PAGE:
Combine this default nuclear response to anything percieved as disrespectful of the Obama Family with the universally unmentioned fact that Obama (like Colin Powell and Condoleeza Rice before him) isn’t alloted a certain regal status afforded other National level Politicians.

Barack Obama carries around issues that don’t actually exist, while John McCain gets a pass on Upgrading from his disabled wife who sat by and waited for him to come home from Vietnam to a sugar daughter who could afford McCain with the economic infrastructure to parlay his admirable Military history into a national career in Politics.

That is an everyday situation for Black folk and white folk just don’t get it.

Satire doesn’t play when people actually think what’s so over-the-top satirical is true.

Just because you’re paranoid doesn’t mean they aren’t out to get you.

and the WORST part of all this is…

The Obama article INSIDE the magazine is a a revealing insight into what makes Obama tick.

But who cares about all those words when there is a pretty picture on the front.

But…I’m STILL mad. Why is that?

I should be estatic.

I am not.

The speech was magnificent and all, but I almost seem to see more self-congratulatory (look how far we have come) bullshit than anything.

I reckon I was just blindsided, so caught up in my own happiness that I forgot everyone else was just as obtuse and myopic about the REAL issues of race and class that the actual lessons of this campaign have yet to be discovered.

But the fist bump is still the greatest example of Black Love in Action to grace Prime time television in a MINUTE

Alcee Hastings, kindly get your facts straight before putting your foot in your mouth

So says Congressman Alcee Hastings

At the beginning of our great country’s history my ancestors were counted as only 2/3 of a person.  Until passage of the 15th Amendment in 1870, they weren’t allowed to vote. During that same time and until 1920, women could not vote.  White men who did not own property could not vote at one point in our history as well.

Um…Sir…it was actually only 3/5 of a person.  As a person whose ancestors were the same as Rep. Hastings, let me be the first to say that while it may serve Mr. Hastings’ purposes to equate slavery and non-personhood to what is happening to Florida, I am inclined to find it rather hyperbolic and wishes he would shut the fuck up.


It is a LONG ass way from 2/3 3/5 of a person to being caught up in some intra-party squabble that diminishes the weight of a citizens vote in a party primary to determine the party nominee.  A punishment passed along as a result of breaking party rules.

Of course, breaking rules is something you know something about, isn’t it?

Paying the price for breaking rules?

Not so much, huh, Mr. Impeached judge turned congressman?

What Part of the Game is THIS?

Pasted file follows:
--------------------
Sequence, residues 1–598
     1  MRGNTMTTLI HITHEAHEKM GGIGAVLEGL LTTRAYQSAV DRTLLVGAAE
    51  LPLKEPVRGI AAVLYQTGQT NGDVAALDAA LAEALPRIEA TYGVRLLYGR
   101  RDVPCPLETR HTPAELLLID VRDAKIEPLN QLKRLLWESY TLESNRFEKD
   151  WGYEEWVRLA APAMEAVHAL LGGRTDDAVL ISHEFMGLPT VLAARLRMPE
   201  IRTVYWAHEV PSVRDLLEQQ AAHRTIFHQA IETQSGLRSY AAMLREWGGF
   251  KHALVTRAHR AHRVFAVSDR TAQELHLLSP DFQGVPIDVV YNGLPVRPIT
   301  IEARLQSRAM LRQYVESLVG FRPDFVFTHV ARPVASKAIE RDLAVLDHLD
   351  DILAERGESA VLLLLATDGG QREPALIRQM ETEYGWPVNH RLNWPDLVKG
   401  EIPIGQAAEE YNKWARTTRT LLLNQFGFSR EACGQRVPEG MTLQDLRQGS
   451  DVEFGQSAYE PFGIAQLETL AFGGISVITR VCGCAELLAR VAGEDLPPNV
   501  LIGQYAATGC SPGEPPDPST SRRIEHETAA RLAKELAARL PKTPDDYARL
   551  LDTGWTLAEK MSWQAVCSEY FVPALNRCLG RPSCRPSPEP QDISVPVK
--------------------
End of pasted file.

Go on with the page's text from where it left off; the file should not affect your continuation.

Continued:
Just what are the circumstances that are involved in having wall to wall coverage of the sentencing phase of the Bobby Cutts, Jr. trial in the middle of the day?

Such that we have televising of the family of the victims testifying in regards to the punishment phase?


Nothing else going on today?

Does this happen a lot?

I mean, Don’t get me wrong.

If they arranged to inject Officer BabyMama & Baby Killer in between mediocre American Idol acts, I would be fairly indifferent, but my Spidey Sense is tingling.  Something isn’t adding up.

Memo To Mickey Kaus: If you don’t know…Just Ask

Much has been brought up about Mickey Kaus and his obsession with the Bradley Effect.

Black Bradley Effect? Noam Scheiber has speculated that black voters might tell pollsters one thing and do another in the South Carolina primary, just as (it’s theorized) white voters did in New Hampshire:

Is it possible that some black voters would tell pollsters they support Hillary (or that they’re undecided) because they don’t want to sound like they’re voting mainly out of racial solidarity, even though they actually intend to vote for Obama?

He could be right! But what if this black Bradley Effect operates in the other direction–black voters tell pollsters they are going to vote for Obama (because they feel that’s expected of them) and then vote for Hillary or Edwards? In other words, they behave exactly like the white voters in the Standard Bradley Effect. That would take some of the sting out of the implicit charge of “racism” that always lurks underneath the Bradley Effect, no? … Of the two possibilities, I’d guess the latter is more likely. Are African-Ameican voters really worried that they’ll “sound like they’re voting out of racial solidarity”?** I’d think fear of being considered a self-hater or Oreo (or practitioner of “middleclassness“!) looms larger in most black communities, unfortunately. But I don’t know. … P.S.: Of course, it’s possible neither effect will materialize, and it’s also possible they will cancel each other out. …

Mickey, if you actually TALKED to Black folk, you would know that POLLS DON’T ASK US ANYTHING.

And if they did call us, we wouldn’t answer because we all have caller ID.